There is a four-year gap between my older brother and I. The biggest gap between all us kids. This gap gave a natural break between the big kids and little kids and that’s how “The three little kids” saying was born. When I was little it didn’t matter because I didn’t realize what those words meant but the older I got the more I desperately tried to make the switch.
One day I made a pronouncement at Family Home Evening,
“Ok everyone, you know how it’s the three little kids, well now that I’m older I think it should be the three big kids and the two little kids.”
I was laughed at…they said it was cute but I didn’t want to be cute. I was serious. And as much as I tried to swing that shift, I was the only one voting and “the three little kids” stuck…forever. It didn’t matter how old we got, we were still known as the three little kids. Today it’s a title I wear proudly.
My Little Sister
I was cut off from my mother’s breasts when my sister was born. I was too little to remember but I’m sure it had some impact on our relationship. We are only sixteen months apart. I have no recollection of my time without her, she’s always been there.
It’s the summer of 1977 and we just got our new bunk beds. My dad bought two sets of old metal army bunks; spray-painted one blue and the other pink. We couldn’t wait for the paint to dry.
My mom and us three little kids, were across the street at the neighbor’s house, playing with their kids while the moms sat and chatted in the driveway. My mother was not comfortable with the social aspect of chatting. She was an introvert and still is. My father was an introvert too. The sun was shining down and there was laughter in the air when my mother announced, Well it’s time for bed. I’m not sure if this was her way of politely excusing herself from the social chat but we started to chime together our protest about bedtime but we remembered this was the night we got to finally sleep in our new beds. So our protest came out in cheers of excitement and happiness. Jeanie, our neighbor, pulled the funniest face while she asked my mom how she got us to be excited about going to bed.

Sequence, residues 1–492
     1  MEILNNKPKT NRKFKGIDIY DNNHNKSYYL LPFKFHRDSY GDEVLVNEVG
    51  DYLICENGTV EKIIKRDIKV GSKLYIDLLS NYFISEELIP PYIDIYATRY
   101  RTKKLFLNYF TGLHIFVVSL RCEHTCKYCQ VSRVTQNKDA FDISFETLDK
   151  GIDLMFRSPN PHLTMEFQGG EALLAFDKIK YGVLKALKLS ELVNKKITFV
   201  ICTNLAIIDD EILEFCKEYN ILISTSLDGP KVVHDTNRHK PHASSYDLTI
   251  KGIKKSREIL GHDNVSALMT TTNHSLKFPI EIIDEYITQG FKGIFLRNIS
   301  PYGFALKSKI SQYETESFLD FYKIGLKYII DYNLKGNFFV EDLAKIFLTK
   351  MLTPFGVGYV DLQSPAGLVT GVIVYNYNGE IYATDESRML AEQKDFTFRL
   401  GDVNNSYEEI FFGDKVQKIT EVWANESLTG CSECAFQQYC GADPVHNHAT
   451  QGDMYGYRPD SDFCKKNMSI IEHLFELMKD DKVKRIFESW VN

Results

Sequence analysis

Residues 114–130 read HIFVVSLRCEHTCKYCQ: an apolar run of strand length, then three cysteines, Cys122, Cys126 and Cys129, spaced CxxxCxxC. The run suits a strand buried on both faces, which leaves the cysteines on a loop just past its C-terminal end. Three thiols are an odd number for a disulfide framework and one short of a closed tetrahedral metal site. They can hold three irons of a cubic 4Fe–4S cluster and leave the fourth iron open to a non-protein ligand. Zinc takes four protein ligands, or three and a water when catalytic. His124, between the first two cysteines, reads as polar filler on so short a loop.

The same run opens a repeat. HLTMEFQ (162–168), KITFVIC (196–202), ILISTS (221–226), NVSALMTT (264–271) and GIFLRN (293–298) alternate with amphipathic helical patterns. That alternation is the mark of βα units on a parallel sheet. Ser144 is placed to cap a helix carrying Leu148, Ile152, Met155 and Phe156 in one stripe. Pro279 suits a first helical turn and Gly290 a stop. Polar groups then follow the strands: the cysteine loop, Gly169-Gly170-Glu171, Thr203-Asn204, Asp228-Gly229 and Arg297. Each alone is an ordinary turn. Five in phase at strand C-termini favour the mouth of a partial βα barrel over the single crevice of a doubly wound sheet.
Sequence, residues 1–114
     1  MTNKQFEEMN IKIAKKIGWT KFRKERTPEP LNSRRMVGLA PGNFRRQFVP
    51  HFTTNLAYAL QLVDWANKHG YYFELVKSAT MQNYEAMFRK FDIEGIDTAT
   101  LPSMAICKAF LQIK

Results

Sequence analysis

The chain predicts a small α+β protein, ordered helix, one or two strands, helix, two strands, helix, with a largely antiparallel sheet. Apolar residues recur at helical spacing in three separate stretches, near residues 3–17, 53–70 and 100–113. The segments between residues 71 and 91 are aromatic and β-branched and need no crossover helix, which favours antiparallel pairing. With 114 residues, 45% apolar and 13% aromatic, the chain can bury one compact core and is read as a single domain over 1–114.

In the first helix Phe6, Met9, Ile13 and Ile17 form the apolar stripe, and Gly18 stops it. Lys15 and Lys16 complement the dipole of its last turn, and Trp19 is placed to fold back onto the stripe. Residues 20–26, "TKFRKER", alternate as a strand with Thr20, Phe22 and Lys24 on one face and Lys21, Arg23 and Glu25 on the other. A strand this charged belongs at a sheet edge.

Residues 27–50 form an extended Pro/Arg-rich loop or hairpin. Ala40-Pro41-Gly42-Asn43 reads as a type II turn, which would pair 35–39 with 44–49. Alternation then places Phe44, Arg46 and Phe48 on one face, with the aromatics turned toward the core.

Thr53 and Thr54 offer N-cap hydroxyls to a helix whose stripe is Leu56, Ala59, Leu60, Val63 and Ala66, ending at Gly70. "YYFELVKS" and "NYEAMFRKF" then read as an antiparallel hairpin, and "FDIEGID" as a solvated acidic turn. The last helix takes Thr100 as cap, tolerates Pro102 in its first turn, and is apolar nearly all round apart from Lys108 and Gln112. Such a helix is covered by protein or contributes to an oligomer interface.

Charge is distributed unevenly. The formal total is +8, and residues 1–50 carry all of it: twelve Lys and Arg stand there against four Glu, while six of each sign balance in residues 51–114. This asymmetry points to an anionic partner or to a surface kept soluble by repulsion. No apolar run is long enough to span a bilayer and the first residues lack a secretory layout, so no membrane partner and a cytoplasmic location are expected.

I had the top as I was the oldest. We were so excited that it took us ages to fall asleep. My sister and I made up a game. I would slide my arm down between the wall and the top bed and sweep it along the wall like a pendulum and my sister’s job was to try to catch my hand. We laughed and played this game for years. We even had a song we made up to go with the game.
When we were young, our mother made incredible cakes–edible art. Our favorite was a carousel cake. It was beautiful with different colored frosting horses iced to bright colored straws with a big top tent on top she made from a paper plate. My sister had a frosting collection under her bed that she would share with me sometimes. Once she let me eat a carousel horse, which was very special.
My early days before school were bliss and my sister, brother and I would spend hours together making up games, spending whole days in our pajamas listening to the Mary Poppins album over and over until it wouldn’t play anymore. We had each other and that was enough.
My sister was my best friend, the one who always went along with my hare-brained ideas and would take my side when it came to fighting with my other siblings. We had each other’s back always until one day the light behind her eyes just vanished. Something was different. We were different. She was different. After that, we argued all the time, fought over toys and hated sharing a room. Once we divided the room in half but that didn’t work as the door was on her side of the room and I couldn’t jump far enough to get to my side of the room without touching her floor and mom put a stop to the dividing the room idea when the fights turned into slaps. We only saw the idea on Brady Bunch.
Brady Bunch Photos by 3219a2.medialib.glogster.com and www.sitcomsonline.com
She moved into her own room when I was ten. It wasn’t until her early teens when things really stood out of how different she was and it wasn’t until her twenties when she was finally diagnosed with bipolar disorder, the same thing dad had.